Tooele Transcript Bulletin – News in Tooele, Utah

October 15, 2019
Pumpkins were our cue for punkins to fill our hearts, fuel our memories

“Do you want to pick some pumpkins?” we said, while turning toward the small boy, fast asleep. Landon Johnson was sitting upright in his car seat. His eyes were closed and he was breathing heavily. 

The short drive from our house in Centerton to Pea Ridge, Arkansas, was just long enough for the SUV’s drone and cool air to lull him into a kip. Now, he was beginning to stir. His arms reached toward the ceiling and his head turned, first to the right and then to the left. Then, his eyes began to flutter open, ever so slightly, acting as our cue.

We got out of the car and stood on the solid ground of McGarrah Farms, where we looked out across a vast field filled with orange, white and pink pumpkins, and punctuated with sun flowers, strawberries, hay stacks for climbing and tractors giving hay rides and pulling a pony train. They all competed for the attention of our own little, just awakened, “Punkin.” And, we were also soon to learn that at McGarrah Farms, punkin isn’t just slang for pumpkin. It means much more than that.

I began to understand the more comprehensive meaning of punkin as soon as I heard it drawled out, through a megaphone, by a jolly man calling us to accompany him on the farm’s hay ride tour. He used the tractor and attached hay wagon as a vehicle to do more than simply show us the farm. He combined his own humor and experience to encourage the deepening of personal relationships.

“Make sure to give your punkins more face time with less screen time,” he said as we drove through the haunted woods, located just to the side of thousands of pumpkins.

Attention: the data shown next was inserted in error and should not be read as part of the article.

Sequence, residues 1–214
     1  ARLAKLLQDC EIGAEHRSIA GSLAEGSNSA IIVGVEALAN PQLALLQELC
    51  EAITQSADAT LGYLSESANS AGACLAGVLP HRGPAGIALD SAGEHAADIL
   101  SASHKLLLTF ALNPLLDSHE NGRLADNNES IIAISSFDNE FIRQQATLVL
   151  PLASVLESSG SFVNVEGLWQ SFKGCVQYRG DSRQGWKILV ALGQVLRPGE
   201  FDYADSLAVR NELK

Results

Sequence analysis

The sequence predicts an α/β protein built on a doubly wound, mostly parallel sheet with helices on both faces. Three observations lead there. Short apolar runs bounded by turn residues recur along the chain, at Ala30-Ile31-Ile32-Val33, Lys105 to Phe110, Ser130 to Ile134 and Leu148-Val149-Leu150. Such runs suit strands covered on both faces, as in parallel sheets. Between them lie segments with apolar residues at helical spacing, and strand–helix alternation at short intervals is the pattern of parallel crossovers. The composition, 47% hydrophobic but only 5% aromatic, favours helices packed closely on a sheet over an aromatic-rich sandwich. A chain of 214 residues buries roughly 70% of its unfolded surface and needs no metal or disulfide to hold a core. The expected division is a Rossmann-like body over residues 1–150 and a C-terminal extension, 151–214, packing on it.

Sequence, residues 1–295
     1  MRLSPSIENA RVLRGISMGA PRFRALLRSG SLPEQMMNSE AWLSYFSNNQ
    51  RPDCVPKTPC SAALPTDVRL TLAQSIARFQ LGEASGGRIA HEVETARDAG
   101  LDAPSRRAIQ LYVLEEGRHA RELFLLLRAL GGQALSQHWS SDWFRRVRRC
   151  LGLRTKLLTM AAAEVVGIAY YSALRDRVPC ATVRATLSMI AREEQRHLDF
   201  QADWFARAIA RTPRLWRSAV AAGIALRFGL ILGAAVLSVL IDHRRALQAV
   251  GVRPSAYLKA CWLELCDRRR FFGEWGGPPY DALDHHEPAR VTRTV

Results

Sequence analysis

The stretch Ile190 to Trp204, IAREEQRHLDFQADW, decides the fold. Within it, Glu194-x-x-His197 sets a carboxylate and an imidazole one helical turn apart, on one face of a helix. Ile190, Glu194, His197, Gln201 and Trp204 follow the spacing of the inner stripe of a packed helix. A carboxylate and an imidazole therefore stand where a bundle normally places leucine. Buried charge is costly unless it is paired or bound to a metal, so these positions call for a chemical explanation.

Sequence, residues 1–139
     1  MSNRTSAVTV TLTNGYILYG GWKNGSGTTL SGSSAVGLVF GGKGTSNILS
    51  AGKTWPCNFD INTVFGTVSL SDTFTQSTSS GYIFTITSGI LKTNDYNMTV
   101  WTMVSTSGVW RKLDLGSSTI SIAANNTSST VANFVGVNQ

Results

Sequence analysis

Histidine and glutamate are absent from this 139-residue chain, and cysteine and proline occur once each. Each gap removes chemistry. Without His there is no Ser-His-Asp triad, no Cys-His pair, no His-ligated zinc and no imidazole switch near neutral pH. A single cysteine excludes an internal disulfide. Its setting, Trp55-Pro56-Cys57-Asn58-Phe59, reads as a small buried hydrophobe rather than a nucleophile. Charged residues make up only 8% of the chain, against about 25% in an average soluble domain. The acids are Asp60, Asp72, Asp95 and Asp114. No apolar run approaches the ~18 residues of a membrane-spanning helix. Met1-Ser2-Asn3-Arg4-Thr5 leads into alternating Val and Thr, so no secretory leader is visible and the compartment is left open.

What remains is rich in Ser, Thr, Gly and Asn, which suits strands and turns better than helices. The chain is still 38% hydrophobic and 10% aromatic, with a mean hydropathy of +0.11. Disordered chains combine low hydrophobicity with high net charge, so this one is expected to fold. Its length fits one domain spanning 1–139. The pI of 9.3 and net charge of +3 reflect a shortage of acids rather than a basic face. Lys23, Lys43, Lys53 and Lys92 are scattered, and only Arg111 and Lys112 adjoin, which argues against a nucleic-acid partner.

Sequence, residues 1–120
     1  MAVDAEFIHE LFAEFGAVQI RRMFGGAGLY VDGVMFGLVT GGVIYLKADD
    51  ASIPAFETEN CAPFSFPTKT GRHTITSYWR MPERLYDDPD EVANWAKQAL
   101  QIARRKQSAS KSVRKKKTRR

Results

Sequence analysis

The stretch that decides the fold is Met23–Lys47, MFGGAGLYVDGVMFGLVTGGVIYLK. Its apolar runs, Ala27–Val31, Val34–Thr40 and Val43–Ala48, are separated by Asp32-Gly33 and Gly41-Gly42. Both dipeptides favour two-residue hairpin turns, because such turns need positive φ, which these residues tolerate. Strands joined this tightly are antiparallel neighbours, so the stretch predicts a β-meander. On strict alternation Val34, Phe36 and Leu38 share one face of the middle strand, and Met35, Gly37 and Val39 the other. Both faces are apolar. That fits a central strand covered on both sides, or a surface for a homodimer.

“When I was a kid, I could spend the whole day in the barn using just my own imagination,” he said as he drove toward the pony train ride.

When the hay ride came to an end, I sat still. Then a small girl hesitated as she was about to walk past me.

“Why are you still sitting here?” she asked.

“Because I don’t want to miss the parade,” I said.

“What parade?

“You and the others walking by.” 

I gave her a little parade wave, elbow, wrist, then hand.

She smiled at me, waved back, grinned broadly at her Mom and Dad, then continued to use her hands to grasp hold of her family as they paraded toward the sea of pumpkins.

The pumpkins soon swallowed us as well. We pulled our little wagon, making sure to select proper pumpkins before returning home.

Along the way we stopped at Roaring River State Park where we parked on the edge of a river to watch fly fishers and enjoy the playground before it began to rain. We also sat on a park bench to savor the moment.

“Days like this will be what he remembers, cherishes, the most,” I said to my daughter, Kilee, as we watched her son climb and slide. The emotion of the moment was too much for the clouds as they began to shed tears of joy on us.

“Do you want to take our picked punkins home?” I said to Landon. He held our hands as we dodged rain drops and walked across the parking lot to our SUV. The short drive from the park to our house in Centerton was just long enough for the SUV’s drone and cool air to lull him back to sleep.  

Pumpkins were our cue for punkins to fill our hearts and fuel our memories.

Lynn Butterfield lives in Erda and is a managing broker for a real estate company.

Leave a Reply

Your email address will not be published. Required fields are marked *

You may use these HTML tags and attributes: <a href="" title=""> <abbr title=""> <acronym title=""> <b> <blockquote cite=""> <cite> <code> <del datetime=""> <em> <i> <q cite=""> <s> <strike> <strong>